Tuesday, Dec 06, 2022

Neighbourly concern

India and China are becoming deeply invested in Nepal’s future and its upcoming elections.

Yubaraj Ghimire

India and China are becoming deeply invested in Nepal’s future and its upcoming elections.

Nepal was not mentioned in our talks. This was partly due to lack of time… But it was really due to my not mentioning deliberately,” Jawaharlal Nehru wrote to Nepal’s then Prime Minister Matrika Prasad Koirala on June 29,1954,shortly after his meeting with Chou En Lai in New Delhi.

Nehru’s “deliberately” not mentioning Nepal with China was meant to convey the message that Nepal was largely an Indian sphere of influence,and China had little stake in the kingdom. Nehru’s letter to Koirala followed a draft of an aide-mémoire he had sent with a clause that read “that in any matter under consideration of the government of India which may relate to Nepal,the government of India will consult the government of Nepal.” And despite many ups and downs in bilateral relations,India continued to decisively influence Nepal’s internal affairs for many years.

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But more than half a century down the line,Nepal’s fragility has become a major concern. India has lost the luxury of deliberately not mentioning Nepal with China. It is speculated that Nepal figured significantly during Prime Minister Manmohan Singh’s visit to Beijing last week. Whether the election to the Constituent Assembly on November 19 will give much-needed stability to Nepal was perhaps an issue that did not skip the India-China meet. Indian and Chinese ambassadors in Kathmandu meet at least once a month to find a common position on Nepal. But India,as a decisive influence or an actor in Nepal’s political change and resultant problems since 2006,also gets a larger portion of the blame. Elections are no doubt an essential process in a democracy,but the non-participation of the Communist Party of Nepal-Maoist (CPN-M) and doubts about the new CA’s ability to deliver the constitution raise questions about its relevance.

The fact that the four major pro-republican parties — the Unified Communist Party of Nepal-Maoist (UCPN-M),Communist Party of Nepal-Unified Marxist Leninist (CPN-UML),Nepali Congress and the Madhesi Groups — and the Rastriya Prajatantra Party-Nepal (RPP-N),which has pledged to restore constitutional monarchy and the country’s Hindu status,are actively engaged in the poll process shows that the election represents the entire political spectrum. But given the CPN-M’s feeling left out and a huge but scattered group feeling Nepali actors have involved external players in a domestic process,there is the possibility of right- and left-wing extremist groups emerging in a post-poll scenario in the name of “nationalism”,as the polls will likely create a hung House and offer a more fragmented mandate.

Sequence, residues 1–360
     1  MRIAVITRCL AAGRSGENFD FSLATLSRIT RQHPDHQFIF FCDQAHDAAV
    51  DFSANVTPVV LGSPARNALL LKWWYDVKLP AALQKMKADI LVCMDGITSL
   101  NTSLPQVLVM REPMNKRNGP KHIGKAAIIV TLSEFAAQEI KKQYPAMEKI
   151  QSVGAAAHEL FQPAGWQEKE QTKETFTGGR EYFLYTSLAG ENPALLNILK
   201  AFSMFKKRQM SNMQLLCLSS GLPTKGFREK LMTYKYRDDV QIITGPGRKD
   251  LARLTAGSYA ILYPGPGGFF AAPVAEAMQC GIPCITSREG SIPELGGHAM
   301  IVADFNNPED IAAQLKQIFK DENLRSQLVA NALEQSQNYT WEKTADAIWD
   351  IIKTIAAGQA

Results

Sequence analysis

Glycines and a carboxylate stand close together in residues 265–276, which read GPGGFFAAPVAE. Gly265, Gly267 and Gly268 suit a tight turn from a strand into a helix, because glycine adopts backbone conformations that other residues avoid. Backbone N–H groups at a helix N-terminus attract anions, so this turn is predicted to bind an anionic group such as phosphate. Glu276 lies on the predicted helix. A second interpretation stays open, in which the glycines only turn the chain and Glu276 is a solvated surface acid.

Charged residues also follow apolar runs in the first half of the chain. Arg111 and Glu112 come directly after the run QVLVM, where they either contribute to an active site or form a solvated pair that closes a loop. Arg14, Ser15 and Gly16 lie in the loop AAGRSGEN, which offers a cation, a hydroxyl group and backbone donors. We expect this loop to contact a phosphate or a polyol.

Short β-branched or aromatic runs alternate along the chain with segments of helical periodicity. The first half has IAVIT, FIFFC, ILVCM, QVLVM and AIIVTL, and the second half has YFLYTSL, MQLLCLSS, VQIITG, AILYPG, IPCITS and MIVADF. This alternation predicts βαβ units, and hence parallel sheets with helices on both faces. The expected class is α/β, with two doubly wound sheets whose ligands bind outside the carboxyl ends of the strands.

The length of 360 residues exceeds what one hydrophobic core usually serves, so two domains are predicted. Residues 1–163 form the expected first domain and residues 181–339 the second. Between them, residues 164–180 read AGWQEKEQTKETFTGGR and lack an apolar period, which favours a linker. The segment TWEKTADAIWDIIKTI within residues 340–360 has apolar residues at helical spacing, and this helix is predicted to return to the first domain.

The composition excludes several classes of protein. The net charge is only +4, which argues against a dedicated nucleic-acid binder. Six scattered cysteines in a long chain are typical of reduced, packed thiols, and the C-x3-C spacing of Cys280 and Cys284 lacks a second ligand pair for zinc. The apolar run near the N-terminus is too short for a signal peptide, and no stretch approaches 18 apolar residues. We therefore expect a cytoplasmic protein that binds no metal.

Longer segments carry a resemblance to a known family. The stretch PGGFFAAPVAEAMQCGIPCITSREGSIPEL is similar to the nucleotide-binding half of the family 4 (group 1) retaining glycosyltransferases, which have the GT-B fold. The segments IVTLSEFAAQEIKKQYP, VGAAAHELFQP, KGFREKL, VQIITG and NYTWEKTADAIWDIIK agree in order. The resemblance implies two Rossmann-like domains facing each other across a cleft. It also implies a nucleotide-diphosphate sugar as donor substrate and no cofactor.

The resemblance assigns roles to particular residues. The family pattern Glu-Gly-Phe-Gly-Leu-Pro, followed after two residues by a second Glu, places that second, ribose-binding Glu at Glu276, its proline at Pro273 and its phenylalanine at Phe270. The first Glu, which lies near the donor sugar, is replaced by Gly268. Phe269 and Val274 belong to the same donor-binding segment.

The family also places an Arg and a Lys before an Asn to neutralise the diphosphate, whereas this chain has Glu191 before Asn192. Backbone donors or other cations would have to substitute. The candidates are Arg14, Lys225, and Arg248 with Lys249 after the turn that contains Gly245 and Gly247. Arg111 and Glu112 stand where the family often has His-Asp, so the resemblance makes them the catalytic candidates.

The CPN-M called for a boycott,and a nationwide 10-day strike. Given the party’s history of its members raising weapons during the insurgency spearheaded by its parent party,the UCPN-M,there is enough reason for people to be afraid. At least half a dozen poll meetings of UCPN-M chief Prachanda seem to have been obstructed by the breakaway group,with the UCPN-M asking its cadres to retaliate in any manner the situation might demand.


The CPN-M and traditional forces still favouring the erstwhile monarchy and a Hindu Nepal want the major parties to come to an understanding on the national agenda before the polls. The UCPN-M,Nepali Congress and the CPN-UML simply said in their manifestos that they will be willing to settle contentious issues through a referendum. But they failed to clarify what these issues are. The failure of the big parties to deliver a constitution during the four years of the previous CA has discredited them and made them unpopular. They have again come out with rigid and contradictory stands on federalism,governance and on whether Nepal will have an executive president or a PM. RPP-N chief Kamal Thapa is perhaps trying to take advantage of the situation as well as cashing in on Hindu sentiments. He began an 11-day tour on October 20 from Gorkha to Kathmandu. A week earlier,he had a meeting with Narendra Modi to solicit “moral support” for a Hindu Nepal and his pro-monarchy cause.

That the nomination of candidates,went smoothly was a big relief for the election commission. But its challenges begin now,with the electioneering and somewhat violent canvassing. The EC’s data show voter numbers have dwindled to 12.1 million from 17.5 million in the previous CA election. That indicates either public indifference or a manipulation of the figures last time. It will perhaps take more than just the formality of an election to clear Nepal of its mess. Meaningful space for all sides is a necessary pre-condition to move ahead.

First published on: 29-10-2013 at 12:30:38 am
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